The end of every year abounds with opportunities to spend hours around the table with friends and family, enjoying holiday meals along with one another’s company.
Throughout the Thanksgiving and Christmas seasons, social calendars are packed with holiday gatherings. Delicious dishes weigh down tables, and all that’s needed to make the food and the good company even better is the perfect bottle of wine.
Ruth Ryberg, a certified specialist of wine and a French wine scholar, has worked in the wine industry for 17 years. A sommelier at the 19th Hole Package Store on St. Simons, Ryberg is well-acquainted with the wine tastes of Golden Isles’ residents, and offers some sage advice on how to choose the best wines this holiday season.
As the weather cools and holiday events begin to fill our calendars, there are many opportunities to pair a great bottle of wine with a delicious meal. As a certified sommelier, what advice do you give those seeking the perfect wine to pair with holiday events and dinners?
Bubbles. Actually, the standard answer for turkey is Riesling, and for pork is Pinot Noir. But I have a thing for Champagne and its cousins, (Crémant, Cava, and Dry Prosecco). I made a dish with orange roughy in a dijon sauce and the Champagne was a perfect match.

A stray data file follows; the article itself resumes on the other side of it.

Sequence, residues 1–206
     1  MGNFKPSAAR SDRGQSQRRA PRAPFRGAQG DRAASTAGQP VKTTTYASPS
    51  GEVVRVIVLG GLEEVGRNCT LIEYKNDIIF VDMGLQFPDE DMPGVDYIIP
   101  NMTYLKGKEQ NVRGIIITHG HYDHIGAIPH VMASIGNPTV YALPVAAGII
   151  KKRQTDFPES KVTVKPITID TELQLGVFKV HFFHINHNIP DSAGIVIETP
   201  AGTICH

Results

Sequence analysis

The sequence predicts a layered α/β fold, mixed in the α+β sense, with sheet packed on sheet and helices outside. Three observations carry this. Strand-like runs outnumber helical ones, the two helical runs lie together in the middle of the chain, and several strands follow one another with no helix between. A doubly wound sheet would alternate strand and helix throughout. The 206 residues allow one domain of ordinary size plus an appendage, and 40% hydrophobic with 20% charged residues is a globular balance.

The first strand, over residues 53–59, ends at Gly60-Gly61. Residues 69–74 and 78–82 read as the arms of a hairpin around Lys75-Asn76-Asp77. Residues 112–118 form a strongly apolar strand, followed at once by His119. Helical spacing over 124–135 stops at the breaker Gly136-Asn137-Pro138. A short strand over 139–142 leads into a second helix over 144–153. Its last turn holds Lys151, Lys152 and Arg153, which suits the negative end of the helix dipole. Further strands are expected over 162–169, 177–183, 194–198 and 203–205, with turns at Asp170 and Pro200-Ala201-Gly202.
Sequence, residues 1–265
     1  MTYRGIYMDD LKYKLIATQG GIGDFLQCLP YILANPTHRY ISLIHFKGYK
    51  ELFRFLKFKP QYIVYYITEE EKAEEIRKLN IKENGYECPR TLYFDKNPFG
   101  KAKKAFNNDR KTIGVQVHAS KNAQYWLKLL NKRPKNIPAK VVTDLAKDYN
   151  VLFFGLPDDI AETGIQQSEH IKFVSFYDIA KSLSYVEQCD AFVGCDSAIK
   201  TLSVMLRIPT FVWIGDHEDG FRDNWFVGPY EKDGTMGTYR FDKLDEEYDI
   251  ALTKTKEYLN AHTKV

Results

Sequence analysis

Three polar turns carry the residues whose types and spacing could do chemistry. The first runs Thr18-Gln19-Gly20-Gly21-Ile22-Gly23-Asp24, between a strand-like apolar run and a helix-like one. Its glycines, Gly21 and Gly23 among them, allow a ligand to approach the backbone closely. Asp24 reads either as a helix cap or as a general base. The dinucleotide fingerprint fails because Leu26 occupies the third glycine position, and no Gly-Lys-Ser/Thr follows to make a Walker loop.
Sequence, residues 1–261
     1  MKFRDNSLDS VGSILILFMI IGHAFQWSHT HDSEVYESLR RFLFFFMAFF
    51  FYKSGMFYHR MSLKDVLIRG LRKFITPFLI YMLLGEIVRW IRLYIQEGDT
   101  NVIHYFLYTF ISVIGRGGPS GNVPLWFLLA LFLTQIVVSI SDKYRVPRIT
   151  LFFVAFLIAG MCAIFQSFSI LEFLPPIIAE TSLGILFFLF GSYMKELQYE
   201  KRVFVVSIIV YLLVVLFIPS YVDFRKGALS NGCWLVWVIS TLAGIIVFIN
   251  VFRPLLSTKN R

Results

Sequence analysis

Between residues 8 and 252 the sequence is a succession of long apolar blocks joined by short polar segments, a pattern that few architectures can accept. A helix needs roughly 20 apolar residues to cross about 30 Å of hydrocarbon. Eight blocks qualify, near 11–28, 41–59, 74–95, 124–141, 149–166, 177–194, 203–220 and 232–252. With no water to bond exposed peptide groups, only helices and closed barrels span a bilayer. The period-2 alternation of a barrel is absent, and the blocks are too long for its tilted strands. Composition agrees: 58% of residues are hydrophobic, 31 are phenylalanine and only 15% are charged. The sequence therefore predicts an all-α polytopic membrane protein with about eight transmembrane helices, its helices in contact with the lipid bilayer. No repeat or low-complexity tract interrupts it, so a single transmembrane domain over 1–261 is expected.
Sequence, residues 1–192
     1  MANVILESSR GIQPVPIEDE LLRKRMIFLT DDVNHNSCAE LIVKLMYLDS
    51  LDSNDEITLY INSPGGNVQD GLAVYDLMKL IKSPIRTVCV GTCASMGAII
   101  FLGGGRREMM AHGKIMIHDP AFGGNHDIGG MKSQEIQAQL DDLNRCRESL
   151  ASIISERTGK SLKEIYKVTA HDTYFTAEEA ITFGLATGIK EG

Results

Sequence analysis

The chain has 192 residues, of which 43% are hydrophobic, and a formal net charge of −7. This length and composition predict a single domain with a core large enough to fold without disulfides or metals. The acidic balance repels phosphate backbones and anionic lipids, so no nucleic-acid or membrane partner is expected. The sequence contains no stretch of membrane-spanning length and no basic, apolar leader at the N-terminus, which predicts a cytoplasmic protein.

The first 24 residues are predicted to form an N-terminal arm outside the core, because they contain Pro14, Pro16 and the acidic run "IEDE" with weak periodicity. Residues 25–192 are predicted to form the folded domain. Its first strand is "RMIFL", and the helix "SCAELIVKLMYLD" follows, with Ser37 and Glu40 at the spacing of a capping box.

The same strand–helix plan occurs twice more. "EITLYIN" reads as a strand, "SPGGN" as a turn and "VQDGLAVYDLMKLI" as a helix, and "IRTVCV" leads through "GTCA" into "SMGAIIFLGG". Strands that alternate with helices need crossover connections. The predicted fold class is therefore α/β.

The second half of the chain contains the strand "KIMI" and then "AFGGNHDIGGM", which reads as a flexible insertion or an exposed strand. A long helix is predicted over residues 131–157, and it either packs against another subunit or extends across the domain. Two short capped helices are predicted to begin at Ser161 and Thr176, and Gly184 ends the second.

How do people’s wine selections change from summer to winter?
In the summer, we sell a lot of Sauvignon Blanc and Rosé. People want cool and refreshing. As the weather cools, we see people switching to hearty reds like cabernet. I might suggest a medium-bodied Italian or Spanish wine, just to try something different.
What’s your own favorite wine during this time of year and why?
It’s hard for me to pick. It’s like asking — who is your favorite child? It depends on the day! But, I will always be a huge fan of Pinot Noir, especially Burgundy. To keep it affordable, a Santenay or Savigny les Beaune would be perfect.
Are you seeing any new trends this year in the popularity of certain wines?
I’m waiting for people to catch on to the Italian wines from Etna or the lovely Portuguese reds. But in this area, people prefer to stay in their comfort zone. So California Chardonnays and Cabs, or Oregon Pinot it is.
A bottle of wine can also make a wonderful gift for friends, family or coworkers — what would you recommend?
Something different. Think outside the box. Try a Gattinara or a Soave. A Gavi di Gavi or Rioja. And if that’s too far outside of the comfort zone, try a Zinfandel. They can be lush and full-bodied or medium-bodied with layers of flavors.
What wine would you suggest serving with Thanksgiving and Christmas dinners?
Thanksgiving standard is Riesling or Beaujolais (a light fresh red with plenty of cherry and cranberry). Christmas — go big or go home. We had Quintessa Cab with our beef Wellington last year, but it really depends on what you are serving. Remember that Pinot Noir goes with just about anything — salmon, foul, pork, and beef.
What dessert wine would you recommend?
I’ve been into Sherry lately, but again, it depends on the dessert. Ice Wine is a lovely option for stone fruit pies, and Port would be decadent with flourless chocolate cake.